Sneaking Attacks in Timeless

Unlock the power of 'Sneak Attack' in your MTG deck with our guide. Explore strategic insights and card synergies to outmaneuver opponents be victorious.

Why is This Deck?

Timeless is an opportunity for all of us to try the highest power nonsense we can get our hands on, and this deck is absolutely that for me. I love reanimator strategies because they let us cheat gigantic monsters into play well before you’re supposed to. Normally, we have to go through the hoops of our graveyard, but Sneak Attack bypasses that and lets us drop gigantic monsters directly into play. Now that every middle-man has been cut out, let’s sneak in some fatties.

Magic the Gathering Card - Sneak Attack - MTG Circle

Total Cards:

The Main Gameplan

As you might imagine, our main gameplan is getting a Sneak Attack online and dropping into play either an Atraxa, Grand Unifier or a Worldspine Wurm. If either of these threats hit the field, chances are the game is over by simply going over the top of whatever our opponent has access to.

Magic the Gathering Card - Atraxa, Grand Unifier - MTG CircleMagic the Gathering Card - Worldspine Wurm - MTG Circle

Card selection is provided from Demonic Tutor and Assemble the Team to make sure we get our combo pieces and our mana dorks Deathrite Shaman, Delighted Halfling, and Gilded Goose are here to make sure we don’t need to wait until turn five to execute the gameplan. Additionally, opponents might be eager to spend removal answering our mana dorks (especially Deathrite Shaman) which means they’ll have fewer answers later in the game for our main threats.

Magic the Gathering Card - Deathrite Shaman - MTG Circle

Secondary Gameplans

Sneak Attack is a powerhouse card that presents a glass canon combo that can win on the spot. As a result, sideboards will be ready to deal with in games two and three. Pithing Needle is this deck’s worse enemy because it completely cuts off our primary gameplan. This is partially what the Molten Collapses are for in the sideboard, but more importantly, we have secondary win conditions that don’t require the Sneak Attack activation.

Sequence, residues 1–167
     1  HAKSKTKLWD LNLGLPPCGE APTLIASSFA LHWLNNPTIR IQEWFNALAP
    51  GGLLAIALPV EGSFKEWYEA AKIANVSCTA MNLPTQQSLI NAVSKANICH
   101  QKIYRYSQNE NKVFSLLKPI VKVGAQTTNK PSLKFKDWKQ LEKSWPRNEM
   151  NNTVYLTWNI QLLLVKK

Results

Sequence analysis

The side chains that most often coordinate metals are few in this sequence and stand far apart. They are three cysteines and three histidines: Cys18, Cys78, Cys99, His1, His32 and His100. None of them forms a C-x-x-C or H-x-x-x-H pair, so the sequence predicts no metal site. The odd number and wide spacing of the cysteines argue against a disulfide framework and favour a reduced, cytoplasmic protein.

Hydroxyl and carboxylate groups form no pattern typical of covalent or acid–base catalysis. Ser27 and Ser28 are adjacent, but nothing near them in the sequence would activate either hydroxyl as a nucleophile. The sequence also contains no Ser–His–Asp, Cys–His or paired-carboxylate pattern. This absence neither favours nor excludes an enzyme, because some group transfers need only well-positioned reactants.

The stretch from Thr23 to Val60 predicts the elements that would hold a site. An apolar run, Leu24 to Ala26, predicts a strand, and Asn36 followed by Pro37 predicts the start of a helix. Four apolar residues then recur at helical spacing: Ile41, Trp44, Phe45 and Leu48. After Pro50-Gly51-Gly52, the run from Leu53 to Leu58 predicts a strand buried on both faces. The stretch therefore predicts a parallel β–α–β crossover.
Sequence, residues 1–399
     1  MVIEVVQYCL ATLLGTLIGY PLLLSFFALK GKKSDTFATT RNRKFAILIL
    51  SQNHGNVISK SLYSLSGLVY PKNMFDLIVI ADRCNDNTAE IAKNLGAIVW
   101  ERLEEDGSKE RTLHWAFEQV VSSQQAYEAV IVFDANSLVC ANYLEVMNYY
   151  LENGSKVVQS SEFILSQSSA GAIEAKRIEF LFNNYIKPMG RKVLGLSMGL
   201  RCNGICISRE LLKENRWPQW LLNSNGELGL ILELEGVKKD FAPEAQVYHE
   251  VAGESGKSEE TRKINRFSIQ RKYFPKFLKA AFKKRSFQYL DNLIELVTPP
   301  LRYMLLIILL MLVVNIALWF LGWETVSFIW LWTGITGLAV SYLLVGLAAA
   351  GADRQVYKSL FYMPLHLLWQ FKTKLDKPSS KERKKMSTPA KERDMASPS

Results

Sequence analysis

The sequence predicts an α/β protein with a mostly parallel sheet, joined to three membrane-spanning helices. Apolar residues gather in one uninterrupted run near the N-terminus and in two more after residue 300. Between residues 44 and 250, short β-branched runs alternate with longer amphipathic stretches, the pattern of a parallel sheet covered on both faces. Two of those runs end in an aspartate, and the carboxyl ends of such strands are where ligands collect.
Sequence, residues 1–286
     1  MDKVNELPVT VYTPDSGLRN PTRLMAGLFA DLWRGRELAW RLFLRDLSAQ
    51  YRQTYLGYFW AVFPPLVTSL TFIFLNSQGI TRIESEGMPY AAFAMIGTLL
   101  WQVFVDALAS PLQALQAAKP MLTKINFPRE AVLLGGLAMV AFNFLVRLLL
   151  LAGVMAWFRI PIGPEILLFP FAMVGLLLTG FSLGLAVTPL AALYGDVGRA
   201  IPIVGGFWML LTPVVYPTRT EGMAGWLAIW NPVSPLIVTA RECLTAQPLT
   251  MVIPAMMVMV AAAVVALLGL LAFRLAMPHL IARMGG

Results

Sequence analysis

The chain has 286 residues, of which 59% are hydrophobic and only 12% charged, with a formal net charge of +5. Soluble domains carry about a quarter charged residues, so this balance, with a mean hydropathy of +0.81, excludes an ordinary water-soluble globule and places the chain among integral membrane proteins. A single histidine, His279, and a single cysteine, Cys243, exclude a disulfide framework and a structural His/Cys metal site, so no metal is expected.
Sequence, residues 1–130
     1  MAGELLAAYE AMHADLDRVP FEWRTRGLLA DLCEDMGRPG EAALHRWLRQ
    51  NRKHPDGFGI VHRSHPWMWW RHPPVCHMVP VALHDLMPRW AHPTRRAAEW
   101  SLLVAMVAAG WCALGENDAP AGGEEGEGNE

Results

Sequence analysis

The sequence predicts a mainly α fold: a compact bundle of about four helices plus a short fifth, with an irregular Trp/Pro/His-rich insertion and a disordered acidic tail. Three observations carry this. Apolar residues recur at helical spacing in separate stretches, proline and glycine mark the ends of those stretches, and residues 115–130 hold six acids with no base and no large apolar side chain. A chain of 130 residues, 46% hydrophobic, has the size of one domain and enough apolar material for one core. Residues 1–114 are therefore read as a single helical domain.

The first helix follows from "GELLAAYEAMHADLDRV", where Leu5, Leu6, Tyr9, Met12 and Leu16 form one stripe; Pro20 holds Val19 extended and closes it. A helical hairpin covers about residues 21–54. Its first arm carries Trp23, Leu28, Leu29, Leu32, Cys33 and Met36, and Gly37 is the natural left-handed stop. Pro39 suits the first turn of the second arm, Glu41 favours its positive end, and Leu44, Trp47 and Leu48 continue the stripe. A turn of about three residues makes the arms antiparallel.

Firstly, Natural Order is simply Sneak Attack at home that lets us leverage our mana dorks for additional value by effectively transforming them into our big threats. Given that our big threats and our mana dorks are both green incidentally, it’s a natural fit.

Magic the Gathering Card - Natural Order - MTG Circle

We have another four-drop that can end the game on the spot if left unchecked in Minsc & Boo, Timeless Heroes. Their title is especially appropriate in this format because they are absolutely heroes in Timeless. Jund midrange decks already use this as a heavy win condition so we can take advantage if all else fails. Notably, we get to take advantage of Timeless not reflecting the Alchemy rebalances because this planeswalker comes down for only four total mana instead of five.

Threat Density

Every Magic: the Gathering card fits into one of two categories: threats or answers. Threats are the cards that progress your gameplan and put you closer to a win while answers are cards that prevent your opponent from reaching theirs. Midrange decks, like this one, contain a balance of both and the player can adjust as needed for a given matchup. This deck does best taking the assertive role and setting the clock early. As a result, it is running more threats than is strictly necessary even beyond what we discussed above.